OpenWorld is just around the corner, and I’m thrilled to be there again this year – it’s my first year as an Oracle employee, so it will be interesting to compare and contrast with previous years as an Ace Director. I’ve got three conference sessions – I hope you can be there, and please feel free to come up and say “Hi”.
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I like it when stuff just “works”.
I’ve been using Virtual Box 4 for a long time now, and since my needs are relatively simple (ie, run a VM!) then I’ve not had any great cause to move to version 5. But today I had a spare few minutes and thought “Well, its probably time”.
So the steps I followed were:
And .. well, all my stuff (aka all my existing VM’s) worked just fine. In fact, the only “error” I got was when I tried to start up too many of them at once and VirtualBox helpfully told me that I was either kidding myself or needed a better laptop.
This is how upgrades should be. Simple and pain free. Love it.
Downloads are here https://www.virtualbox.org/wiki/Downloads
In this blog will look at an example of virtualizing your first database and not only the database but virtualizing the application as well.
What does virtualizing mean? Like in the world of virtual machines where we make multiple virtual machines on one set of hardware, in the world of virtual data we make many read/write copies of data with one actual physical copy of the data. We do that by sharing unmodified data and storing each version of a data block that gets modified and keeping that modified version of the block only visible to the clone that made the modification.
Here is the demo video:
There’s an interesting “debate” going on under AskTom at the moment. It’s hardly cause for major concern, but anyone is welcome to add their thoughts as comments to this blog post. (Naturally, if your comments agree with my opinion, then that’s great. If your comments don’t agree, then I’ll post them and ignore them – ah the joys of being a blog owner)
So here’s the issue. When we are posting code to the AskTom page as a solution to a question, we could post it as a mix of script and output, for example:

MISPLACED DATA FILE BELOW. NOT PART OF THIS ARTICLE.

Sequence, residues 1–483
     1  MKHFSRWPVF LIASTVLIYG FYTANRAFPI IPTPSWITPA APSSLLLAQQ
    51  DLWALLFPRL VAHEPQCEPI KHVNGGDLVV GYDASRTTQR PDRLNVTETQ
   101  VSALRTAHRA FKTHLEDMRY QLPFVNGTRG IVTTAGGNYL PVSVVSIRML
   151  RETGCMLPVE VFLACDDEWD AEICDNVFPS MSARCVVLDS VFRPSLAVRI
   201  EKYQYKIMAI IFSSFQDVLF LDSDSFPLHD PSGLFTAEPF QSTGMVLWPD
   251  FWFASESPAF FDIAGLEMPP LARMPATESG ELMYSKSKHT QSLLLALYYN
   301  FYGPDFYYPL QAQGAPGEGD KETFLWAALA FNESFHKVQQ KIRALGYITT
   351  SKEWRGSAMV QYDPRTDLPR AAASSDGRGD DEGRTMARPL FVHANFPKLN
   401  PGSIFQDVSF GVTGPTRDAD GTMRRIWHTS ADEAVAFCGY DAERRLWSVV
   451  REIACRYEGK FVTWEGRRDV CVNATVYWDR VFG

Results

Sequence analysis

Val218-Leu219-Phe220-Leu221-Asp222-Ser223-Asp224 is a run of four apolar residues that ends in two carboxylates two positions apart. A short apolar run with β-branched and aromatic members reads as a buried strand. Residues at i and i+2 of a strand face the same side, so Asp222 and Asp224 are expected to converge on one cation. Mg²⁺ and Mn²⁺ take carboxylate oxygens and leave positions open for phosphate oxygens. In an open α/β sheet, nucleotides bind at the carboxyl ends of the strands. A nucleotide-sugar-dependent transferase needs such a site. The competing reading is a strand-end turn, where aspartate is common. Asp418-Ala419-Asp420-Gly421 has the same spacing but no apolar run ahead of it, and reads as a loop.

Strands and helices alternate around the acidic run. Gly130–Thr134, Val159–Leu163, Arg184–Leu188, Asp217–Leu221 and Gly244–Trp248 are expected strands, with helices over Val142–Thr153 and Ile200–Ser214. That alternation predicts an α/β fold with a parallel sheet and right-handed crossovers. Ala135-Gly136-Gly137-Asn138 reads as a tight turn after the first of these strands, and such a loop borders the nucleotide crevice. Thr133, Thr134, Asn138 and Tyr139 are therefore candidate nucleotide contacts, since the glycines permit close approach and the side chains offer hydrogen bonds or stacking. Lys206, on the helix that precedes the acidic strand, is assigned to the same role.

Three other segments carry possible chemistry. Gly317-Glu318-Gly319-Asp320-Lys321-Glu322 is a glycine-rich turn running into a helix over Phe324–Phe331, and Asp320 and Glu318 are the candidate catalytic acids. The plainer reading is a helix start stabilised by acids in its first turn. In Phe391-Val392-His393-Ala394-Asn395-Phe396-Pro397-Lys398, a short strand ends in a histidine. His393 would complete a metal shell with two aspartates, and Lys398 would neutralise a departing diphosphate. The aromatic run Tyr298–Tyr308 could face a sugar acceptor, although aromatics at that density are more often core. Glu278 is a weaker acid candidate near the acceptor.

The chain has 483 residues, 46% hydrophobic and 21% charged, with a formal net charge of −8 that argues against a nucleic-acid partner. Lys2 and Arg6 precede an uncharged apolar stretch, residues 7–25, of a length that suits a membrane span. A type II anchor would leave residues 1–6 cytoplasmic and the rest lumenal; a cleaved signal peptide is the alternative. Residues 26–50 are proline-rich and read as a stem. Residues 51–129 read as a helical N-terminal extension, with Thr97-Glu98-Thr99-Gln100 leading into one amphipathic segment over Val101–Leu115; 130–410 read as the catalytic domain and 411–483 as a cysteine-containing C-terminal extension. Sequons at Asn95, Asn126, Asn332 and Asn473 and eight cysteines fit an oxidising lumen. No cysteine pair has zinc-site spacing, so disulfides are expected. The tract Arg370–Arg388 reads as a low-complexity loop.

I’ve lost track of the number of times I’ve worked with systems that didn’t run brilliantly because every database operation was the “row at a time” methodology. Typically you see hundreds of routines (either in the database in PL/SQL) or further up the chain in C#, Java etc, and the “alarm bells” start ringing in my head when all of those routines are prefixed with “GET_” and the input parameter looks like a primary key.
It doesn’t take long before the code-reuse mindset starts creating things like:
“for each EMPLOYEE on screen, call GET_EMP_DETAILS(:screen.employee_number)”
So to try demonstrate the silliness of this… I ask the question:
Would you do this in real life ?
And here’s what happens if you do
I’m a bit of a dinosaur when it comes to how long I’ve been using Oracle. But you should never stop learning. That’s why I’m participating in a cool OpenWorld session in a few weeks, all about the modern technologies and frameworks that can now be used to build awesome applications on top of the Oracle database. Come along – you’ll see some exciting stuff. This session is all about modern development whilst still exploiting the myriad of features built into the database.
Before or after the session, feel free to pop up and say “Hello!”
(warning: this is a rather detailed technical post on the internal working of the Oracle database’s commit interactions between the committing foreground processes and the log writer)
After the Trivadis Performance days I was chatting to Jonathan Lewis. I presented my Profiling the log writer and database writer presentation, in which I state the foreground (user/server) process looks at the commit SCN in order to determine if its logbuffer contents are written to disk by the logwriter(s). Jonathan suggested looking deeper into this matter, because looking at the commit SCN might not the way it truly works.
A couple of blog post ago I announced that there is now a free version of Delphix. Here is a little more information about the installation of Delphix Express.
To get a copy of Delphix Express go to
and put “Express” for your title and I’ll send you the download info.
Delphix Express is a free version of Delphix limited to 25 GB of managed storage and 1 vCPU. Delphix Express is set up for small projects and not optimized for high throughput nor performance testing.
This is a re-post I originally made on the ODTUG website on 17-Jan 2013 at the beginning of my two-year term on the board of directors...
This past weekend, I attended my first face-to-face Board of Directors meeting with ODTUG. Monty Latiolais, current president of ODTUG, asked me to let him know if there was anything “less than stellar” about my experience, and I have say the answer is “no”. It was a stellar experience, all weekend. Here’s why…
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Oaktable World brings together some of the Oracle performance people in the world to present and discuss their findings.
Oaktable World is open to everyone free of charge and no registration necessary !
Oaktable World is Monday and Tuesday of Oracle Open World 2015 and is located on the same block as OOW.
Oaktable World is also hosting hands on labs Tuesday 12:30-4:30. The labs will have experts from
to assist you on installing Delphix, DBvisit, and Toad on your laptops. Delphix for example has a free version called Delphix Express that you can install during the labs.